Teaching comes first at Northwest Nazarene University’s School of Theology & Christian Ministries. No doubt about it. But alongside our commitment to teaching is faculty dedication to scholarship, as evidenced by the fact NNU’s professors are among the most published in the Wesleyan-Holiness movement.
My colleague Kevin Timpe is an excellent example of the kind of committed scholars who teach in NNU’s fully online Graduate Theological Online Education (GTOE) programs.
Oxford University Press and has just been released in the UK, and will be available in the U.S. by the end of April.
This week I want to share with you another important work by Dr. Timpe: Free Will in Philosophical Theology, which was published last November. In this book, Dr. Timpe takes recent philosophical work on free will and uses it to explore a variety of theological doctrines involving this issue.
“I think the book goes a long way toward trying to give a unified account of what free will is and how our moral character shapes how we exercise it,” Dr. Timpe says.
Dr. Timpe decided to tackle the subject of free will because it was one of the first issues that got him “hooked” on philosophy and interested in pursuing it as a vocation.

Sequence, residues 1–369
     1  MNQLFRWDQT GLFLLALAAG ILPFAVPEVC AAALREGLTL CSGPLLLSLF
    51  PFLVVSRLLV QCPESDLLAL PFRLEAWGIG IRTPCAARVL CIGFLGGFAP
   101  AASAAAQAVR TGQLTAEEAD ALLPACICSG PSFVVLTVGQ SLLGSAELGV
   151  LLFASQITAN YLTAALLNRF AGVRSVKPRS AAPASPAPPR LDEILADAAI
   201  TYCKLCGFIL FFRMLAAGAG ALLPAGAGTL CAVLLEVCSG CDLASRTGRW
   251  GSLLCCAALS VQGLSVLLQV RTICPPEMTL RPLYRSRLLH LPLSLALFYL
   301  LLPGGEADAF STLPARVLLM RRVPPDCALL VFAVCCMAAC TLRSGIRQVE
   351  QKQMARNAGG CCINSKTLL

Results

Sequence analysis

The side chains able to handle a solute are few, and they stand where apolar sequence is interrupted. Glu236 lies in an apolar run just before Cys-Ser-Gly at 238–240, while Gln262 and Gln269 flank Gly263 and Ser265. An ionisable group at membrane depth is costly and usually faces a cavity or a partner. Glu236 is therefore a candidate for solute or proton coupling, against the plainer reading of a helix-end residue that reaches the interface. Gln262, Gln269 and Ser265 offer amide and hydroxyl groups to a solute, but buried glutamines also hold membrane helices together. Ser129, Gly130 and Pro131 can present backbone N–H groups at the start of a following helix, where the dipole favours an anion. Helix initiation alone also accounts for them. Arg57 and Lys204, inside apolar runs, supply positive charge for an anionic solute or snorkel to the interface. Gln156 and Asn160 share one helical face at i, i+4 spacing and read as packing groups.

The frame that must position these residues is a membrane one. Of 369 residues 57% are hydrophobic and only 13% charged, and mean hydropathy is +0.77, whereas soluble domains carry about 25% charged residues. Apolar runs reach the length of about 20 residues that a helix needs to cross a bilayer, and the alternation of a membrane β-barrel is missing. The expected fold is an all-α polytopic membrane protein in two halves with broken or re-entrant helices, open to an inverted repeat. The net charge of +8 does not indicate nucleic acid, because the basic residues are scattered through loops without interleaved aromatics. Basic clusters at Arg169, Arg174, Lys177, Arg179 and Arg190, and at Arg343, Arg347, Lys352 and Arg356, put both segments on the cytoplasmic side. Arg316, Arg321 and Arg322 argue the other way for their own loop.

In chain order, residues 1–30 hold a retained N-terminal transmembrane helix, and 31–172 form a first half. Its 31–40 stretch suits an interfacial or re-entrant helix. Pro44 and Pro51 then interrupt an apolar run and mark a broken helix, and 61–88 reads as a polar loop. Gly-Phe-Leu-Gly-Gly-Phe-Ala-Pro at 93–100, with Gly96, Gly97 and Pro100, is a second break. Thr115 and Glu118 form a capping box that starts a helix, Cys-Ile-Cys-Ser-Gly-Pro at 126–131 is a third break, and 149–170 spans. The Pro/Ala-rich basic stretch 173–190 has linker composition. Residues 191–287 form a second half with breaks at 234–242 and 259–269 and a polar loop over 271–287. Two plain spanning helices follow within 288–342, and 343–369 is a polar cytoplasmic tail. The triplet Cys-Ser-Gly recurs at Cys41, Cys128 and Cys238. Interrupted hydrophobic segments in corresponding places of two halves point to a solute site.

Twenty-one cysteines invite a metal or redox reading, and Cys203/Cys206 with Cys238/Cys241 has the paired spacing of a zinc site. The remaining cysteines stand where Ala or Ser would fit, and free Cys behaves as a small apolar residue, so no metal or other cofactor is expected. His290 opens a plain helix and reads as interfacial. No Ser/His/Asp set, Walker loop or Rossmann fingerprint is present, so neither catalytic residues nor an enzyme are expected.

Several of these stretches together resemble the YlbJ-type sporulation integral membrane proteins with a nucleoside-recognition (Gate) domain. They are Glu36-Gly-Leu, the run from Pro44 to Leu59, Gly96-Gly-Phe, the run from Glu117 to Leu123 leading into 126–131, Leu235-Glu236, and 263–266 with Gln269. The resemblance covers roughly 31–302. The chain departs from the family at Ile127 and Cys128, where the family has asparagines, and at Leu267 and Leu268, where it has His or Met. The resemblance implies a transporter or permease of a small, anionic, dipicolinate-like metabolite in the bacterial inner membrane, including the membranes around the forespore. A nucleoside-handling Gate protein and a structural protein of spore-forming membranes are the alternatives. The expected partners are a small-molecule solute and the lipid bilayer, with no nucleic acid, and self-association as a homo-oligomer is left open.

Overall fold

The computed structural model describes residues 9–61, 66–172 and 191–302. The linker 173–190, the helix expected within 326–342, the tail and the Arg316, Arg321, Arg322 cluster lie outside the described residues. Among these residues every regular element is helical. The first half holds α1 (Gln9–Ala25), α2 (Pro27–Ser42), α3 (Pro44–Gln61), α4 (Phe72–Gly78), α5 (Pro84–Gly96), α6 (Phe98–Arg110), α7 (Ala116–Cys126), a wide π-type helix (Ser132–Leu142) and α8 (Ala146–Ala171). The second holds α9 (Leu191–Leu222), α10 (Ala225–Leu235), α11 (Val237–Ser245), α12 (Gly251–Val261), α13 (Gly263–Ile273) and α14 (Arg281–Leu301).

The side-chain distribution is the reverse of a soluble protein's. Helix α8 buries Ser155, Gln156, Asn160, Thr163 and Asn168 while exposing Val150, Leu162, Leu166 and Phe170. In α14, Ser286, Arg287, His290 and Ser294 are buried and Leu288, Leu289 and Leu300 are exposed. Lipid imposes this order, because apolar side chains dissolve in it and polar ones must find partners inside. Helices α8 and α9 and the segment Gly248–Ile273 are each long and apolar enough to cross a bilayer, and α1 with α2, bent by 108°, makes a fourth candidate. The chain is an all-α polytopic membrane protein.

He began work on the book in fall 2010 during a yearlong research fellowship at Oxford University. His project that year became the bulk of the book.
“The first theological issue I turn to is the first sin, often called the primal sin,” he explains. “I don’t so much care who committed it, though historically the Christian tradition says that it was the devil. What I’m more interested in is how an agent who is created good, with no flaws, could choose to sin. Did the sin originate in the agent’s will? In his intellect? How can we make sense of such a choice?”
Another question he explores is in regard to heaven.
“Presumably, we’ll still be free in heaven. But while we can freely sin in this life, Christianity also holds that the redeemed in heaven aren’t able to sin any more. So how can it be that a free creature is no longer capable of sinning? And if this kind of state is possible, why didn’t God create us in it in the first place?”
He also investigates the freedom of those in hell, how free will and grace interact, as well as a chapter dedicated to how we should understand God’s freedom.
Dr. Timpe says he hopes the book helps to show how rigorous philosophical analysis and theological reflection can come together.
“Too often, academics in different disciplines—even disciplines as closely related as philosophy and theology—don’t interact across perceived disciplinary borders,” he says.
By pursuing your fully online Master of Divinity or Master of Arts degree at NNU, you can learn from committed scholars like Dr. Timpe. If that interests you, we’d love to connect with you by having you request more information.
For more on Dr. Timpe, check out this video of him presenting a lecture on Virtue and Transformation.comments powered by Disqus